An overdraft can be a useful way to borrow a little extra from the bank when you don’t have spare savings. But there's new rules being put in place by the Financial Conduct Authority (FCA) in April 2020, affecting the way overdrafts are set up. So, what are they, and how will they affect you?
Well first of all - what is an overdraft and why do we even have them? In an ideal world, you’d have a savings buffer to prepare for emergencies or a large expenditure. However, life has a way of throwing us a few curveballs. Banks offer overdrafts to assist - this is a way of borrowing from your bank through your current account. It’s a form of debt, and often comes with a fee attached.
There are two types of overdraft:
- Authorised/arranged overdraft: where you’ve pre-agreed with your bank that you can borrow up to a pre-set limit and you can spend up to that limit. These usually have a fee (e.g. a daily rate of 50p) or interest rate (e.g. 10% monthly) attached. Some banks will waive the costs for a period of time with certain accounts.
- Unauthorised/unarranged overdraft: when spend more than what you have in your bank account or over your pre-set overdraft limit without agreement in advance from your bank. This can often carry a steep fee - currently, banks charge around £35 monthly for going into negatives!
Here’s what’s changing:
- Daily/monthly fees on overdrafts are being removed
- Overdraft users - whether arranged or unarranged - will be charged a simple annual interest rate (APR) without additional fees and changes for using an overdraft.
According to the FCA, the majority of overdraft users will be better off or see no change when the new rules come into effect.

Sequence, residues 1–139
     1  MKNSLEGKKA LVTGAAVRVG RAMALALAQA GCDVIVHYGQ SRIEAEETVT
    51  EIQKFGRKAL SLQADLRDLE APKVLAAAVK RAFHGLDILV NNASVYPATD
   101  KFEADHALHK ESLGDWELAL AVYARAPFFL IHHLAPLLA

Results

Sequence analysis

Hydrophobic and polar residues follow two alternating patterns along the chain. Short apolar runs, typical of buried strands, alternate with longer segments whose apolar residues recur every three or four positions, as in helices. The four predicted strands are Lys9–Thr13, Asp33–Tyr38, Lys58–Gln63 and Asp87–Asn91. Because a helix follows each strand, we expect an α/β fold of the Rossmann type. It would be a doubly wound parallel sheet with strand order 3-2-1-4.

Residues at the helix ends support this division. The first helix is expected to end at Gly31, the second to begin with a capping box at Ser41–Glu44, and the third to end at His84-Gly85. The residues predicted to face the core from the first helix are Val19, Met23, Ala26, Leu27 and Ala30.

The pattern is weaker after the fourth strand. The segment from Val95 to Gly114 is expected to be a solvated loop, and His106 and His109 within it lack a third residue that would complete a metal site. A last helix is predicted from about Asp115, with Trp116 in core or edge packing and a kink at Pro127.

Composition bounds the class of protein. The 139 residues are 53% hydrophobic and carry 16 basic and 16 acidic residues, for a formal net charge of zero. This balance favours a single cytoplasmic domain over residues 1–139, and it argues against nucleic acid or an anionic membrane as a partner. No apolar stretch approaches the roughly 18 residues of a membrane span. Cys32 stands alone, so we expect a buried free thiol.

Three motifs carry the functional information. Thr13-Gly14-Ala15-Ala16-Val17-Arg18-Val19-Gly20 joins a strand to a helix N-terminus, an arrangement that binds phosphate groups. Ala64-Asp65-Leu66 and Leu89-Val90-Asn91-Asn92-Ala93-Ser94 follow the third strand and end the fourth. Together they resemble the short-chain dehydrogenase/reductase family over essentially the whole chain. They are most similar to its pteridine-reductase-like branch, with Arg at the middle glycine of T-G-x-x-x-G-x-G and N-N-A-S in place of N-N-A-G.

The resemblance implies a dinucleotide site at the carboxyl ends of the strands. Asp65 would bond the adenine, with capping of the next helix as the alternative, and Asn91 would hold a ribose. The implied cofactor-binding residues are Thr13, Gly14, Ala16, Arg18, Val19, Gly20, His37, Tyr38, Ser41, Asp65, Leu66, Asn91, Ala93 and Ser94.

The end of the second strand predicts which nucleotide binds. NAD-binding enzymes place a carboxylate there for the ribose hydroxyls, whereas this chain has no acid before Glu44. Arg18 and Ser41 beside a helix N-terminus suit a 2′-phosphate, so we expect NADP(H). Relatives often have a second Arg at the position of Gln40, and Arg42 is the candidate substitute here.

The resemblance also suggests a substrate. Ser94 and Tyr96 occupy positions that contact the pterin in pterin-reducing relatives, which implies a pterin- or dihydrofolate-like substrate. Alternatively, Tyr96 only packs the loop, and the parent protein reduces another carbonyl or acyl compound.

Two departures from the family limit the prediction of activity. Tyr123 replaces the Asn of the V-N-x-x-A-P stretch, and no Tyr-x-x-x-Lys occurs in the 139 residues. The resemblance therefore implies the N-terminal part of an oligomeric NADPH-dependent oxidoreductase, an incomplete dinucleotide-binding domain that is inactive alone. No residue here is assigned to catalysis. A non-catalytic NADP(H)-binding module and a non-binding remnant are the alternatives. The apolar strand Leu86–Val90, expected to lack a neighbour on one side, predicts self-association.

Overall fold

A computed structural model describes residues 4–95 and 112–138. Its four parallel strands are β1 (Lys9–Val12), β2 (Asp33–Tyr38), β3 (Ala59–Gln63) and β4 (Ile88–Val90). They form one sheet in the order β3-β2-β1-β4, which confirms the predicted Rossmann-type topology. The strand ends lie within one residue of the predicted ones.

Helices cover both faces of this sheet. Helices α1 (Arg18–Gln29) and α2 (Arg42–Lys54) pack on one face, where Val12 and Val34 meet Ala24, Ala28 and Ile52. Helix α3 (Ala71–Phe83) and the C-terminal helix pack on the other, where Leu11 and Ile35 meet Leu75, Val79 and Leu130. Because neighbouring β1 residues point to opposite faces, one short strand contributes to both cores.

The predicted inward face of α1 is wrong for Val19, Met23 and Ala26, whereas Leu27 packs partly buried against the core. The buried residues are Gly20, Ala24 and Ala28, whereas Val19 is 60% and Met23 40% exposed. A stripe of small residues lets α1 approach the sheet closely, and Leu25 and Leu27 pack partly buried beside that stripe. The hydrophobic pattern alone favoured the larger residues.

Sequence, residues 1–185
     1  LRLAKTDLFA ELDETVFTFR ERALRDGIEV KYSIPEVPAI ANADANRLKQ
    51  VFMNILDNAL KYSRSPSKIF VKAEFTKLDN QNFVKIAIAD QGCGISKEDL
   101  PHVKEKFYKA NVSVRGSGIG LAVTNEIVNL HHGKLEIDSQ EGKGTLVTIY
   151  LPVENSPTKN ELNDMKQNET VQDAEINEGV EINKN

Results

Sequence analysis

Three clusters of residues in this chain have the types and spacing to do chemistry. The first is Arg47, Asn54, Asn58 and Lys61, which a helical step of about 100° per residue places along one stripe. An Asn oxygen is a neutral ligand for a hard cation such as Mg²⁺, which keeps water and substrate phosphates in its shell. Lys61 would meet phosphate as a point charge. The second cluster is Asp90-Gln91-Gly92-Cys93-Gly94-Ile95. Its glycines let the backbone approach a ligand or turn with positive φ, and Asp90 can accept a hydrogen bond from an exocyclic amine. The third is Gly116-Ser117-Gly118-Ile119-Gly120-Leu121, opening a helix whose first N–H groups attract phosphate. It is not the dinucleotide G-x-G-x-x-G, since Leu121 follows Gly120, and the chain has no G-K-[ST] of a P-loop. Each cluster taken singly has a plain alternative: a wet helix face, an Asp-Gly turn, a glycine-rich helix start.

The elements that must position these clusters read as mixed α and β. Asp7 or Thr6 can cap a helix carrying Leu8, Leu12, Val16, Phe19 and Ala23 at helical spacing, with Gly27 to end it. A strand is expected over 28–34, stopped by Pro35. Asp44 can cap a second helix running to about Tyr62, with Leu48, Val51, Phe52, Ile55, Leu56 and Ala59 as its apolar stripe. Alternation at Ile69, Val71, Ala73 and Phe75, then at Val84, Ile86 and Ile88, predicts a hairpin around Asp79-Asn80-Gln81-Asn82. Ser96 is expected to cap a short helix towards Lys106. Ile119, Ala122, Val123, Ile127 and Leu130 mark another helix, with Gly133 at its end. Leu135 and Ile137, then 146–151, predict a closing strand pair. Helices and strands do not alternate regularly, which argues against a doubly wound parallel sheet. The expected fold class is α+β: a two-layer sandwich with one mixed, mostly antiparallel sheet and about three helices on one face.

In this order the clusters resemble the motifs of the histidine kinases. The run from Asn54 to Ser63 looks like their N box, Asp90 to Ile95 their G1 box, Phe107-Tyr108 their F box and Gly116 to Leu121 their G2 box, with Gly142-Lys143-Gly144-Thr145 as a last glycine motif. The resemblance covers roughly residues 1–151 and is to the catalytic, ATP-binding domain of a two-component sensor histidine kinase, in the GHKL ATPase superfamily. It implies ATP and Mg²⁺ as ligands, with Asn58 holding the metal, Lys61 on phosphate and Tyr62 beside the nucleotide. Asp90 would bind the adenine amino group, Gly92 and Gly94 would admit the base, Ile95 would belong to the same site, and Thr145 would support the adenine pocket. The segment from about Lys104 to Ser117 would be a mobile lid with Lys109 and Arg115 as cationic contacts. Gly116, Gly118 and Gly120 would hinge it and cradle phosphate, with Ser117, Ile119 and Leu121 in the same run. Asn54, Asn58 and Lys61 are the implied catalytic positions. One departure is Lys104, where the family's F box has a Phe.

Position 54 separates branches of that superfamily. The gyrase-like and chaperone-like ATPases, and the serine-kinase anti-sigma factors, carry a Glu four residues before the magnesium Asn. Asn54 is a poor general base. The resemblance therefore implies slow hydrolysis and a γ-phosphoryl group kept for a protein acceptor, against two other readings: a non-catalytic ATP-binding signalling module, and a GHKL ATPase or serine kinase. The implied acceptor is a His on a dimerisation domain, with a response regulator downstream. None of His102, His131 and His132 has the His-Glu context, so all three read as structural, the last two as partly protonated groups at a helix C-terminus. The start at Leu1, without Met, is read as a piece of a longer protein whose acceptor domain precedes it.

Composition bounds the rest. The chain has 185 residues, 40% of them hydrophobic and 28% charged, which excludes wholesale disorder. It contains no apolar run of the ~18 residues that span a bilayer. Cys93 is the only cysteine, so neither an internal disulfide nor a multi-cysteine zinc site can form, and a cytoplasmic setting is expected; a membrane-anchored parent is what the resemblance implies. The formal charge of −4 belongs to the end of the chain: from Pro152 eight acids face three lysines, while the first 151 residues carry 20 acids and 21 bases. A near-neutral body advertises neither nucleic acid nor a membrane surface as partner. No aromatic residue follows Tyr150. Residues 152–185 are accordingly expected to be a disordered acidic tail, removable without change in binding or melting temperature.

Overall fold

If you borrow £100 through an unarranged overdraft, it's expected you would now pay less than 10p per day, instead of the current typical amount of £5 per day. The banks and building societies who have announced new rates already have set them between 19-40%. Check with your bank to find out what your new rate will be.
What should you do next?
If you’re regularly in your overdraft, you may want to consider other ways of borrowing money, such as 0% interest or lower interest credit cards. You could also look into personal loans at lower rates than what your bank charges for an overdraft.
Start building a safety net! Use Neyber’s debt calculator to see where you stand and help you set out a plan to get out of the borrowing spiral.
Since banks will be charging a simple annual interest rate on your overdraft, this should make comparing accounts easier. Do your research once all the interest rates have been announced to find out which account works best for you. You may find that another bank now suits your needs better.
Check what rates your banking providers or building societies will be charging, and if you’re affected. The FCA has a handy chart to see what the new fee changes are at major banks in comparison to current fees. Otherwise, check your bank’s website or contact them directly.
Take Neyber’s Financial Health Score to see where you stand financially and get personalised recommendations on what you should do next.
Important: This content is for guidance and educational purposes only and is generic in nature. Salary Finance Limited (trading as Neyber) does not offer regulated financial advice. Please seek independent financial advice.